Cherry juice is being touted as the superfood of 2011. Is there any truth behind the health claims?
Have you had your five-a-day yet this morning?
Well, I have some good news. If the health food experts are right, you don’t need to bother with the fruit bowl anymore. Just pour yourself a glass of cherry juice – said to offer the same benefits as a whopping 23 portions of fruit and vegetables.
For this reason, cherry juice is being touted as the superfood of 2011.
What’s so special about cherry juice?
Cherry juice is packed with Vitamin A, antioxidants and has anti-inflammatory and antibacterial properties, which means it can help reduce muscle pain after exercising and flush toxins out of the body, which should improve how you look as well as how you feel.
And wait, there’s more: it even helps you sleep. Because of the high melatonin content of cherry juice, scientists have shown that it can induce sleepiness at night and help you to stay awake during the day.
Superfoods won’t cure obesity
In general, I think of most food as “super”, but I’m bored rigid with having new health foods shoved in my face as if they were the answer to Britain’s desperate diet problem.
As far as juice goes, the benefits of cranberry and pomegranate juice have been extolled, but then we’re told to be careful not to drink too much juice otherwise, because it’s so sugary.
Then there are the nutrient-dense fruit and veg such as:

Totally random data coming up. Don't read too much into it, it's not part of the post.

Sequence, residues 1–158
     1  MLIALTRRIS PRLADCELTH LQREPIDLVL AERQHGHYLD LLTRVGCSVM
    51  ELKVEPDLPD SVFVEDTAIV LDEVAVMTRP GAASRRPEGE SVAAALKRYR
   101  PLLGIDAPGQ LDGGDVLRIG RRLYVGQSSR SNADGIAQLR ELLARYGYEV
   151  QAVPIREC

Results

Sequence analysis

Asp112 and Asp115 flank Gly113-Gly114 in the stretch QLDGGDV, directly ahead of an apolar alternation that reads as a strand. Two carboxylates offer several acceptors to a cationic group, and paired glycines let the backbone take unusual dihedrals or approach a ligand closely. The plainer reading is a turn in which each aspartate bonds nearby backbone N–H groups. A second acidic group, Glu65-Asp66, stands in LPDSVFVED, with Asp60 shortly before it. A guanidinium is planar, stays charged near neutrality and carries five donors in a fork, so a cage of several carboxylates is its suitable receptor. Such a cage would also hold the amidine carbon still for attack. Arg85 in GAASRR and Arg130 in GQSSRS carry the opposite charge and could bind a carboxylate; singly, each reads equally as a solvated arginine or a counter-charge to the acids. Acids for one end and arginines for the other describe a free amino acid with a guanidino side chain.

Not to mention great sources of good fats like:
- brazil nuts and avocados, and
- oily fish such as salmon and mackerel.
I’ve even seen a list saying baked beans and bread are the next superfoods to watch out for.
All of these foods (save baked beans; I have my comfort foods, but baked beans aren’t on the list) appear in my diet on a regular basis in some form or another.
That’s because I have a varied diet and enjoy eating and cooking with fresh, whole foods. Pizza is on the menu too, just not every night.
But I don’t derive pleasure, when eating a few brazil nuts, by thinking: “Ah, delicious nuts…I should eat them four times a week to reduce my chances of developing heart disease.”
Nor do I think, when making a stir-fry: “Hmmm, let’s add in some broccoli in here, in case I’m a bit low on folic acid today.”
Lots of people say they are confused by all the many foods touted as health foods, and the different messages about what to eat, when, how and why.
To be honest, is it really all that complicated? Make sure some fresh, whole foods are present in every meal, and you’re on the right track.
As for cherry juice – and by the way it is tart cherries which have most of the good stuff, you won’t get the same effects from eating British cherries whole – it is delicious, but it is also rather expensive and hard to find.
You can find CherryActive in the UK at health food stores including Holland and Barrett which sells concentrate and capsules, but at £14.49 for 473ml of concentrate, it’s not the cheapest way to improve your diet.
Cherrygood, a UK product which turned over £1.2m in its first year, is on sale at all major supermarkets.
Cherry juice can only help health as part of a balanced diet
Apparently cherry juice has been popular for a long time in Turkey, where, like pomegranates, they have a bumper crop and it is inexpensive. The best way to improve our diets, though, is not by going in search of exotic superfoods which are air-freighted into the UK at great expense and gobbled up out of season.
It will certainly be good for you to drink some cherry juice now and again if you like it and can afford it, but it’s not an excuse for eating ketchup on sliced white the rest of the time.
There is a simple solution to the to-superfood-or-not-to-superfood debate, and it is best expressed in the words of champion food campaigner Michael Pollan: “Eat Food. Not too Much. Mainly Plants.”
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